DATA PROTECTION FACTSHEET
President: Kais Saied
2021 Freedom House Score: 71/100
Data protection law? Yes, with data protection authority appointed
Privacy enshrined in Constitution: Yes, Tunisia updated its 1959 Constitution to include the right to personal data protection in 2002. The 2014 Constitution protects the right to privacy under Article 24.
DPA legislation: The Organic Act No. 2004-63, was passed in 2004 and established the Tunisian data protection authority, the Instance nationale de protection des données à caractère personnel (INPDP). At that time, it made Tunisia one of the most progressive regimes for personal data protection in the world.
However, under the authoritarian rule of Ben Ali, few, if any of these rights, were actually realised by the people. Although the Tunisian Jasmine Revolution of 2011 brought democratic reforms, it wasn’t until 2015 that data processors began to regularly declare their personal data processing to the INPDP, which, up until that time, had neither been functioning as an independent body, nor was it sanctioning violators of the Organic Act.
Although Tunisia enacted a new constitution in 2014, the old data protection regime remains. However, in 2007 Law and Decree No. 2007-3004 of 27 November 2007 Laying Down the Conditions and Procedures for the Declaration and Authorisation of the Processing of Personal Data was also promulgated.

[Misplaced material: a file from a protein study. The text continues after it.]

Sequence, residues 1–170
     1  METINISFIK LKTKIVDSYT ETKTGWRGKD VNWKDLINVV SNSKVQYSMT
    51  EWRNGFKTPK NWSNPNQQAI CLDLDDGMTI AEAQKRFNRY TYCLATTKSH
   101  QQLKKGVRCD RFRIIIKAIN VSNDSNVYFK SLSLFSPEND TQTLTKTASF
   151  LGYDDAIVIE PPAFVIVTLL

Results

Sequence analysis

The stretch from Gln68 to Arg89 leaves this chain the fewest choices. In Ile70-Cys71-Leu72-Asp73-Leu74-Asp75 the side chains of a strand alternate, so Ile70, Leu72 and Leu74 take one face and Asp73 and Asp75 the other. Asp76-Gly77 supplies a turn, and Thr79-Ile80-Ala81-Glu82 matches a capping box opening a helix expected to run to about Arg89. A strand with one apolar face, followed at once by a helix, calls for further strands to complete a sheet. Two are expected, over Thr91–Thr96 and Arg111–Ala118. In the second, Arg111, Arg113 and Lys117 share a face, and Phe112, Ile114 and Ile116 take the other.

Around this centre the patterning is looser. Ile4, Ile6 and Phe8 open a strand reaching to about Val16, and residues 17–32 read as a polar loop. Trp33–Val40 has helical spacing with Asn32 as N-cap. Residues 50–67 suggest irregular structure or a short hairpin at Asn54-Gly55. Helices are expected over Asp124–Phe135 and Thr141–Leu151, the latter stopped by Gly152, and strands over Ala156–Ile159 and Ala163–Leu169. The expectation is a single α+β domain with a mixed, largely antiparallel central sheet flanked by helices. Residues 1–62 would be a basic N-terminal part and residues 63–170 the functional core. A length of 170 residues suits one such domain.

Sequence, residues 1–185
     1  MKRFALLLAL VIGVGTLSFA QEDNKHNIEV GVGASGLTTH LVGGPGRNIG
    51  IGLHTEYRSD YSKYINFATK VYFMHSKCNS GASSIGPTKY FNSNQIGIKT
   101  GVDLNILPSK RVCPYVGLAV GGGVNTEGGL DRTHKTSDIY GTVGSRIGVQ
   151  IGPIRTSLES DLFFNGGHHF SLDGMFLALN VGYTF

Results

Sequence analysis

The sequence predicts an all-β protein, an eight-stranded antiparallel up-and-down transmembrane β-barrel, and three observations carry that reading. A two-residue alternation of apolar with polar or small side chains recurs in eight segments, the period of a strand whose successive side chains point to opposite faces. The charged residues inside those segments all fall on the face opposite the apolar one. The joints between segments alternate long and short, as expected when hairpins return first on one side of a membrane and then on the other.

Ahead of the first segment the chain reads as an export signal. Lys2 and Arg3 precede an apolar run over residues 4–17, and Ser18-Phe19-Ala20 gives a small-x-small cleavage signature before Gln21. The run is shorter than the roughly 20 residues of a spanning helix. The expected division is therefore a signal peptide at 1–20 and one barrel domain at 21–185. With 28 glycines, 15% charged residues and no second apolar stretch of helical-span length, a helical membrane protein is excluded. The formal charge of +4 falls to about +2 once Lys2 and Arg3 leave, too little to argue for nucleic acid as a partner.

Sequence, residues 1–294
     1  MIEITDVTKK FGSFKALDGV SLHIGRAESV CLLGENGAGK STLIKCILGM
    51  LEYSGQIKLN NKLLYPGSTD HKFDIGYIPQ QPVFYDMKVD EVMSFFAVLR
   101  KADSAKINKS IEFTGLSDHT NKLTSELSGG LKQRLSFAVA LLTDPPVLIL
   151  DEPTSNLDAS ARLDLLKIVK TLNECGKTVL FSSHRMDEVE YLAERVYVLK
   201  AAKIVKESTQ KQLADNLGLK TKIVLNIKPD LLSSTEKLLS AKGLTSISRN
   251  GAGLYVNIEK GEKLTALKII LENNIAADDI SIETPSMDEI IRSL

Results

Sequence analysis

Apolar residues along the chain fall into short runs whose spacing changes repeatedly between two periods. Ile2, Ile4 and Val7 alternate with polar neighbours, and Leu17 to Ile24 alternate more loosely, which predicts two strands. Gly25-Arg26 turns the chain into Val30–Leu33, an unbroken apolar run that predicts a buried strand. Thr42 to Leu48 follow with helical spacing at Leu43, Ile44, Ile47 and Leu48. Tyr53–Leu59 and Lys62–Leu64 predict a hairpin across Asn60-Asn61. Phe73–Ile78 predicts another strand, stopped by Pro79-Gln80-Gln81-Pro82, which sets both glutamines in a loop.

During a 2018 conference, Chawki Gaddes, the president of the INPDP, emphasised the importance of modernising the law toward greater effectiveness, and to reflect new social and technological realities as well as Tunisia’s new political environment that values democracy and human rights. Given that Tunisia has signed the Council of Europe’s Convention 108, the updated Tunisian data protection law will likely reflect the principles therein.
Under Organic Act No. 2004-63, data subjects, their heirs, or their guardians have the right to:
- access all personal data concerning them;
- correct, complete, rectify, update, modify, clarify, or delete when the data is inaccurate, equivocal, or when its processing is prohibited;
- object, at any time, to the processing of personal data concerning them for valid, legitimate and serious reasons, except where the treatment is planned by law or is required by the nature of the obligation; and
- prevent personal data from being shared with third parties for advertising purposes.
However, it is important to note that organisations with a “public personality” (such as police stations, tribunals, and universities) are not bound by the obligations that generally apply to personal data processors in Tunisia. Public organisations are not required to declare data processing and therefore the rights of individuals to their data are limited in their interactions with these entities.
Council of Europe Convention 108: Ratified
Council of Europe Convention 185: No
Malabo Convention: Signed
ECOWAS Supplementary Act on Personal Data Protection: No
Council of Europe Additional Protocol to Convention 108 (Treaty No. 181): Ratified
Applies to natural persons: Yes
Applies to juristic persons: Yes
Applies to public entities: Yes
Domestic/personal purposes exclusion: Yes
National security exclusion: No
Law enforcement exclusion: No
Cabinet or Executive Council exclusion: Yes
Judicial functions exclusion: Yes
Journalistic, literary or artistic purposes exclusion: No
Temporary copies exclusion: No
Other exclusion(s): No
Broad or vague exclusions: No
Applies to foreign entities: No
Excludes foreign entities that only transit personal data through the country: No
Personal data is all information regardless of its origin or form, which directly or indirectly allows for the identification of a natural person, with the exception of information related to public life or considered as such by law.